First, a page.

How preserving water could help humanity reach sustainability
The UN’s seventeen Sustainable Development Goals (SDGs) have ambitious targets for 2030, from ending hunger to gender equality. While the SDGs are multiple and varied, water preservation is a thread that runs through them all
The UN’s 17 Sustainable Development Goals (SDGs) are part of a 15-year plan that aims to end poverty, protect the planet and improve the lives and prospects of all people.
SDG 6 calls for clean water and sanitation. Within the goal are several targets for 2030, including (but not limited to) equal access to safe drinking water, adequate sanitation and hygiene for all, reduction in pollution and elimination of hazardous materials in the water system, and protection of water-related ecosystems.
SDG 6 is vital in a world where 2.2 billion people lack safe drinking water, and where a major effect of climate change is less predictable water cycles. But the goal of improving water access and sanitation is not just important in its own right, it underpins every aspect of all of our lives, from economics to health to education. The other UN SDGs, from achieving gender equality to ending hunger, are all enhanced by improved water management.
Gender inequality and poverty is compounded by poor water access
A lack of access to water access is both a demonstration of, and exacerbator of inequality between genders, the focus of SDG 5. In sub-Saharan Africa, more than 25 percent of the population must walk at least 30 minutes to collect water and this task is usually undertaken by women and girls. This burden takes time away from education: around 145 million days at school are lost to girls worldwide, because of water collection. Women are also vulnerable to attack while collecting water, and while relieving themselves in areas without proper toilet facilities. Accessible water and sanitation would eliminate the need for long walks through dangerous areas, and empower more women to take up the opportunity of education – a key step towards global gender equality.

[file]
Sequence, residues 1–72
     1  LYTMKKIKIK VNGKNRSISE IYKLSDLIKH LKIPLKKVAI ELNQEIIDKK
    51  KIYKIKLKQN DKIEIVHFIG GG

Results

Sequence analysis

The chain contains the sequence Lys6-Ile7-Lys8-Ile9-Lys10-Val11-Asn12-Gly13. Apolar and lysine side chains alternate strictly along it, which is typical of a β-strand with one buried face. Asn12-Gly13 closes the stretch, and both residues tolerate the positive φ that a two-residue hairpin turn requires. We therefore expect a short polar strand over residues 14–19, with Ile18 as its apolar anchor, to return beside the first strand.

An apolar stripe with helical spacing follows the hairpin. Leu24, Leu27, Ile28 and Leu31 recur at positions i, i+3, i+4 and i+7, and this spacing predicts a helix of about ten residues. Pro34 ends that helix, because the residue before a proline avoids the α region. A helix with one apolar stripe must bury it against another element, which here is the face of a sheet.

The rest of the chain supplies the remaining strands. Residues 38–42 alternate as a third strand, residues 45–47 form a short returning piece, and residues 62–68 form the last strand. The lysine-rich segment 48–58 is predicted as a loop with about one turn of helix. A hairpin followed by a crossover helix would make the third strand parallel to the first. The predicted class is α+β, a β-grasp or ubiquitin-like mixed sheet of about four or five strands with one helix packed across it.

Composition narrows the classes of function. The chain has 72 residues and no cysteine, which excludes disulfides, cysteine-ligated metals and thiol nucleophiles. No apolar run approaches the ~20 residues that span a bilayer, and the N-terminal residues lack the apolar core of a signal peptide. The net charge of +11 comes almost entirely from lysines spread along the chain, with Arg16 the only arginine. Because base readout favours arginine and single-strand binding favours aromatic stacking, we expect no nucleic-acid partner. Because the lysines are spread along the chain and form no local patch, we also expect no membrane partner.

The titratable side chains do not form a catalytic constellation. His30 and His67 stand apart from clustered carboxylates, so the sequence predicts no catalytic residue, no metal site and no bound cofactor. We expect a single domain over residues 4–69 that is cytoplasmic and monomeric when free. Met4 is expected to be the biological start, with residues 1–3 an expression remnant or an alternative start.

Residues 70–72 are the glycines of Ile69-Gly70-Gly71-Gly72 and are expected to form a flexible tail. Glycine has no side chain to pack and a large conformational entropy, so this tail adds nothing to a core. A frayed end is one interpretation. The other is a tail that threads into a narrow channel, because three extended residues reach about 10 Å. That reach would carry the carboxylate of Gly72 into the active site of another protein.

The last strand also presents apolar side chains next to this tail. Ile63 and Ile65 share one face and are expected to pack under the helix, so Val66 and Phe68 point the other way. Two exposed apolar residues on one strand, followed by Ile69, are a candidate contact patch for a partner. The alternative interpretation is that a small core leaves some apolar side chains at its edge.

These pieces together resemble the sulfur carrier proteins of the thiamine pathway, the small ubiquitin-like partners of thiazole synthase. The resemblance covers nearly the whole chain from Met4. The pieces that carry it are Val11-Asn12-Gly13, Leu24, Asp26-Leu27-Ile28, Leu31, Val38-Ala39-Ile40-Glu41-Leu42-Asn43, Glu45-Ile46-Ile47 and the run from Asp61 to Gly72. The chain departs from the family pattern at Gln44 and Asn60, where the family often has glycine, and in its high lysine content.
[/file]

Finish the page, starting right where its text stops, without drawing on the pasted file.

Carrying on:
Without good water management, the planet cannot sustain life
Around 8.9 percent of the world’s population is currently going hungry. Among the main causes of food instability is climate shocks, which include drought and flooding. SDG 2 is to end hunger by 2030, while part of the water and sanitation SDG is to ‘protect and restore water-related ecosystems, including mountains, forests, wetlands, rivers, aquifers and lakes’. The link is clear: protecting water systems ensures sustainable access for all who need it.
Managing water systems can slow surface run-off, and help preserve groundwater and surface water storage. All together, these actions can protect humans from sporadic weather events like flooding, and ensure long-term, sustainable sources of water for farming – particularly for the smallholding farmers who produce 30–34% of the world’s food, and who rely on their crops for their own subsistence.
But it’s not just farmers. All people and animals that rely on the planet benefit from good water management. SDG 15, Life on Land, highlights the importance of water to biodiversity, with a target focused on combatting drought and flooding to protect all ecosystems.
A healthy population is only possible through clean water access
It is impossible to imagine a healthy world without water. Clean water stops the spread of waterborne disease, while threats to health come from polluted rivers and lakes, and from poor water infrastructure. In Flint, Michigan, for example, residents spent years drinking, washing and cooking with lead-polluted water because of out-of-date piping. Water pollution is linked to around 1.8 million deaths each year. Clearly, a healthy global population can only exist where there is equitable access to clean water for all. In fact, one target for SDG 3 is that by 2030 there must be a reduction in deaths and illnesses from hazardous chemicals through water pollution.
Improving water access and sanitation makes good economic sense
This is not just an ethical position, but an economic one. Nations that water their people and their ecosystems thrive. Three out of four jobs within the global workforce depend on water. UNESCO have estimated that investments in small-scale initiatives to deliver safe water and sanitation across Africa could offer financial returns of 5% of the continent’s entire GDP each year, and universal access to basic water and sanitation could result in over $18 billion in economic benefits globally each year from avoided deaths alone.
Water is vital for life, but it’s also crucial for equality, nutrition, health and national economic success. By reaching the 2030 targets for SDG 6, we would not only be improving the way we manage water across the globe, but contributing to the betterment of all aspects of life for everyone.